That said, my training still has a ways to go. I pushed to stay over 80% HR max throughout most of today’s run and stayed between 83-86% throughout the second half. I ran the last half mile at 9:36. Perceived effort was high considering the unremarkable speed. Still, I’m pretty sure running mid-9’s would have put my heart rate above 90% max a month ago and I appreciate the conditioning gains so far.
I may head to the track tomorrow to do some repeats. I’m hoping that will unlock a little more speed. My first performance improvements happened on the track earlier in the month. Perhaps these intervals will take that a little further.
Performance gains from running by heart
|Getting to the heart of the matter|
Today’s run (street): 4.4 miles
Yesterday’s run (street): 3.2 miles
Monday’s run (street): 2.1 miles
Sunday’s run (Bethpage bike trail): 4.2 miles
I’ve been doing more running than blogging these days, with four workouts since my last post. Every time I’ve gone out since last weekend, I quietly thank KWL for sending me my FR35. While I have made stamina gains resulting from cutting out most processed sugar in my diet (and losing a few pounds in the process), it hadn’t done much for my performance. The FR35 has been a real catalyst for some measurable gains in that area. So thank you once again KWL.
Last Sunday I went to Bethpage to run the bike trail and ended up covering a little more than 4 miles. I ran it about 9% faster than my average pace over the past six months. Having my heart rate showing in real time helped me apply more effort that resulted in better performance. I respond to HR feedback positively, while tracking pace tends to discourage me.
I went home from work early on Monday and went out for a rare afternoon run. It was only two miles, but it was the fastest two miles I’ve run all year. Yesterday morning I did my usual Friday route. I didn’t get around as fast as I had on my prior three runs, but it was fast compared to a couple of weeks ago.
This morning I aimed for a little more distance and headed out with performance running on my mind. Performance is relative of course, but my perceived exertion matched the 80%-92% max HR that my Garmin recorded. I ended up pacing around my new average, but I’d hoped for more.
In terms of performance, I’m still 5% slower than the top end of my current target and I’m 10% away from where I really want to be. More significantly, I’m running 30 seconds to a minute per mile faster than just a few weeks ago. When I get to the pace range I’m aiming for, I’ll consider racing again.
Garmin FR 35: I never saw it coming
|Welcome back data|
Today’s run (street): 3.2 miles
This afternoon the fine folks at UPS dropped off a package at my house. I opened the box and saw that it contained a Garmin Forerunner 35 GPS watch. I really wanted the FR35 to replace my FR210 that I lost on the Bethpage trail a couple of weeks ago. Interestingly, I never ordered the watch. It wasn’t until my wife told me that my friend and fellow Runsketeer KWL had sent it. I couldn’t believe it, but I was very excited.
One of the reasons KWL wanted me to have the watch was to encourage me to focus again on my performance when I run. The FR35 has a lot of tracking features including an optical heart rate monitor that obviates the need for a chest strap. I prefer to run by heart rate/zone rather than pace and I’ll be able to do that easily. It also works as an activity monitor. I didn’t realize that until it rudely beeped at me and said “Move!” on the display.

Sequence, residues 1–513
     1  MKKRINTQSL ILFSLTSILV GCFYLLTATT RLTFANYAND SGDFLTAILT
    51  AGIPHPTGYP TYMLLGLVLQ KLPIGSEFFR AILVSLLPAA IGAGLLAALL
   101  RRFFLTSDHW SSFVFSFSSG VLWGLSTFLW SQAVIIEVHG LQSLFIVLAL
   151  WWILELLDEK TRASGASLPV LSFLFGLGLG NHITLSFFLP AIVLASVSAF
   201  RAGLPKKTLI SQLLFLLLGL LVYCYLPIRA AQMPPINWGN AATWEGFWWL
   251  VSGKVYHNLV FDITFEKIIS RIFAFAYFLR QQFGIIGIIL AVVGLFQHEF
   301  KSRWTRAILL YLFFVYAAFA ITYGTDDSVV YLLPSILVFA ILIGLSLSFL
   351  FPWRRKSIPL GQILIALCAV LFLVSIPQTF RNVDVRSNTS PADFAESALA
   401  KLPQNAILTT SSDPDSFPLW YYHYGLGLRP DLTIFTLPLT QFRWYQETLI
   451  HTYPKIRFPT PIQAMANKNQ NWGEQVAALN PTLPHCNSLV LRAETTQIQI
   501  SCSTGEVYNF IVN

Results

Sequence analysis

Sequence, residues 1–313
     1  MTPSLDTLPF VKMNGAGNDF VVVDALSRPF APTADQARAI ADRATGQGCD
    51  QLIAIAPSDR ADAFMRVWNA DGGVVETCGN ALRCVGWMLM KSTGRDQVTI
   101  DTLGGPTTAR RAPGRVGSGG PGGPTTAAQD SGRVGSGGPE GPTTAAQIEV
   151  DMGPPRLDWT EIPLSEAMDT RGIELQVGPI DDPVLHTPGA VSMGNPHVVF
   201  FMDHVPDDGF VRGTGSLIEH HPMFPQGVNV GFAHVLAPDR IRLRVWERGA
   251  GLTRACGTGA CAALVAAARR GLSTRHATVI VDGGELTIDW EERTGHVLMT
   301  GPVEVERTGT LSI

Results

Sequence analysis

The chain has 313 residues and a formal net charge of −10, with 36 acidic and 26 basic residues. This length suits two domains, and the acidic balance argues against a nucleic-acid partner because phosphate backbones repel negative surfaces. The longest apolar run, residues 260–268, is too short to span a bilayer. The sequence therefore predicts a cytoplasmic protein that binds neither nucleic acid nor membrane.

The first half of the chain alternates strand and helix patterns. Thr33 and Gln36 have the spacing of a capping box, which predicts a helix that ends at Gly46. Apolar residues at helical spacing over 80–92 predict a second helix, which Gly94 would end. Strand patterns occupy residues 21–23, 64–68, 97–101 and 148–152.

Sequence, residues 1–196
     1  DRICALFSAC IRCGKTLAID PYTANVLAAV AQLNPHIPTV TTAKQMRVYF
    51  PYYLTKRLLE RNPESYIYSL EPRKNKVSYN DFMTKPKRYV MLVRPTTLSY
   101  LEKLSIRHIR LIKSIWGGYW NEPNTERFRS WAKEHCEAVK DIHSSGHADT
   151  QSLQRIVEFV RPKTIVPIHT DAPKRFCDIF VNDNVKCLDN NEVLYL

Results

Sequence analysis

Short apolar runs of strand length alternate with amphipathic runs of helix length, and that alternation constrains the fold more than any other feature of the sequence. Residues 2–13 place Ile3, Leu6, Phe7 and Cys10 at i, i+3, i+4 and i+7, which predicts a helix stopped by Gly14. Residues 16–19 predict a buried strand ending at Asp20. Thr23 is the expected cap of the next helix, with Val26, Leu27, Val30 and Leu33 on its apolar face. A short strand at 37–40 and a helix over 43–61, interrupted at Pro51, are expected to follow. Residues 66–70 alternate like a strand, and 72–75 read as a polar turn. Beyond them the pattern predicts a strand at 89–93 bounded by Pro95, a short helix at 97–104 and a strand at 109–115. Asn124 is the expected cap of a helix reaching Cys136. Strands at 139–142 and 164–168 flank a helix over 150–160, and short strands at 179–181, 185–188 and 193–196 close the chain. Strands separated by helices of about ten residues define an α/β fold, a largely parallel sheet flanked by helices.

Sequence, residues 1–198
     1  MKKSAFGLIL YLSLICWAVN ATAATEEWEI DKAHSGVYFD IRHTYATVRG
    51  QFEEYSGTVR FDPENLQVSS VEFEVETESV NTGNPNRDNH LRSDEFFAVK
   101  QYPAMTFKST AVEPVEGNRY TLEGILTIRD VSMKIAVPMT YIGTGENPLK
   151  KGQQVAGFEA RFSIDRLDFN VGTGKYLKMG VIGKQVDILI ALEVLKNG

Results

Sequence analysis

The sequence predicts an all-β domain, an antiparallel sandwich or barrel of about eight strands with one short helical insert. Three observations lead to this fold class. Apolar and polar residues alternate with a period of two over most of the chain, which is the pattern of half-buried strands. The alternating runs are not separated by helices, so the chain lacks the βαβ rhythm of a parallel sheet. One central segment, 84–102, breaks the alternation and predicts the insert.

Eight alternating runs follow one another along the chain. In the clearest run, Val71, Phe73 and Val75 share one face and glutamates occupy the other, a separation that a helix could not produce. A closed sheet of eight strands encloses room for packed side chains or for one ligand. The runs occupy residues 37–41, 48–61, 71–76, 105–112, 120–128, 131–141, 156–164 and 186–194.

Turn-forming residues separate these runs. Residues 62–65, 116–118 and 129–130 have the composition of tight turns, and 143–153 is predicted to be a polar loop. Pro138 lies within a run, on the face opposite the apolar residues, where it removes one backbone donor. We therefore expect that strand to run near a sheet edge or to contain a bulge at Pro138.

I wish I had this watch when I went out this morning on my run. Instead, I ran with my stopwatch. That was fine, but I missed being able to track time and distance. All the same, the stopwatch did give me some useful feedback. I generally run the same route every Friday and knew exactly where I’d hit the one mile mark. Although my stopwatch was securely attached to my SPIbelt, I was able to catch a glimpse of the elapsed time. I saw that I ran the first mile 30 seconds faster than my most recent (improving) pace.
Going forward, my challenge will be choosing to push performance rather than enjoying the experience of a free form run. Today’s conditions were cool and fairly dry and my running felt easy. I ran faster than I have in many months but it didn’t feel hard. It felt great. I can push even harder and run even faster, but I don’t know how far to go with that. I’m going to target 85% max HR tomorrow and see how that feels. If it feels okay, maybe a little speed will be worth the extra effort.
A run apart
Today’s run (street): 4.8 miles
I didn’t run the Dirty Sock this year and was fine with that. After hearing about the great experiences (and great times) achieved by my running buddies this morning and watching all the Cow Harbor race coverage on News 12, I feel like I missed out. But after a pleasant, but non-competitively paced run this morning, I know I was right to sit it out.
My initial plan was to go to Bethpage and run there. I thought it might be quiet (in terms of runners) because a good percentage of the Long Island running world would be in Northport. Our morning plans required me to get my run done early so I stayed local to save time. I did most of my miles in the neighborhood directly south of mine just for a change of pace. Unfortunately, it didn’t change my pace.
I’ve continued to work standing up since getting my new desk two weeks ago. I use it during the weekend, at night and when I work from home. I haven’t seen any tangible performance benefits from doing this, but I have to believe it’s strengthening something. With so much written about sitting being the new smoking, it’s a good thing to do. I do believe that my running form has improved and my stride has felt more fluid in the past couple of weeks.
I had the same great weather that my Cow Harbor friends enjoyed and that kept my run enjoyable. I forgot to wear my HRM so I don’t know if I exceeded 80% max range but I suspect I did near the end. Interestingly, I kept most of my splits within 10 seconds of each other, with slight negatives each time. My last mile was 30 seconds better than the first four.
I may do a track workout tomorrow to force myself to deal with speed and the harder work that comes with it. I was on the right path back in March and April when I was following the Hal Higdon Half plan that included weekly speed and tempo runs. A little success may go a long way towards breaking out of my current routine of easy runs.